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Cassius Dio, a Roman senator with Greek origin, is well known for being a keen imitator of Thucydides. His imitative techniques were quite obvious already to Photius, although, Photius himself does not consider him too attached to his model and praises his style and diction, especially his rhetorical skills. In the first fragment of his Roman History Dio shows awareness that applying certain rhetorical devices to his text (and one may infer that he meant those characteristic of the Thucydidean diction) may provoke criticism, even a suspicion that the account he gives might not be true. It is indeed this feature of the Thucydidean style that had been criticised previously by Dionysius of Halicarnassus at the end of the first century BC, and therefore Dio seems to be defending his style against this kind of criticism.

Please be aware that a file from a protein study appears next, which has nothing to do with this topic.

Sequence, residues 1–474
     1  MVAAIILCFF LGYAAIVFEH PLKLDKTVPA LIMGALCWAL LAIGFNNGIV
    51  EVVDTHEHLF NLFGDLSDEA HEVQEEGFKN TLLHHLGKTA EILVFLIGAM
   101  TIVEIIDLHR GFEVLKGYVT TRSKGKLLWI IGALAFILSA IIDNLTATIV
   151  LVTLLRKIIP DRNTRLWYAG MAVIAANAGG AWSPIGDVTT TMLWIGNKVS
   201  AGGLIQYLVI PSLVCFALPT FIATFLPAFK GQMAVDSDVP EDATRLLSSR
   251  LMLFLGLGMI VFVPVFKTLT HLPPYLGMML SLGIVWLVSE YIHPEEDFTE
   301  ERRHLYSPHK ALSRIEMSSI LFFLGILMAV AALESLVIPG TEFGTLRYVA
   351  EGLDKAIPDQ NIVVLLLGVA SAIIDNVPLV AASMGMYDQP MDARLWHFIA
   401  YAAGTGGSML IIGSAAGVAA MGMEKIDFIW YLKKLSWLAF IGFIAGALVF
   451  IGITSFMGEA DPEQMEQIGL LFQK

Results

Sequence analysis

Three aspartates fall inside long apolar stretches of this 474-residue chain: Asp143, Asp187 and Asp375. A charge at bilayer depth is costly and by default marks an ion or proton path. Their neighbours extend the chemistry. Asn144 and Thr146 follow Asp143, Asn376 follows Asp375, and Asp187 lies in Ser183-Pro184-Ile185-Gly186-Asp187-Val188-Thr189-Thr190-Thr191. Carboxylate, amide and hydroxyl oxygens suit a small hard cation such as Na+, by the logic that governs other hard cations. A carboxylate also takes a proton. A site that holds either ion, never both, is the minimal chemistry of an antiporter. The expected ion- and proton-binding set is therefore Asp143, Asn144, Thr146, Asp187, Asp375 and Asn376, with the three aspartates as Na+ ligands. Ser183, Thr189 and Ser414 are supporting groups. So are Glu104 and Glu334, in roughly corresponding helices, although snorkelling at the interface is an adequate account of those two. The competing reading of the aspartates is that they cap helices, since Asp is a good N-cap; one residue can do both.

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mostly by noblemen in periods prior to the late 19 th century. 4 This idea was already present in the first half of the 20 th century in the works of Gyula Szekfű and István Weis, and survived in later historiography through such prominent Hungarian

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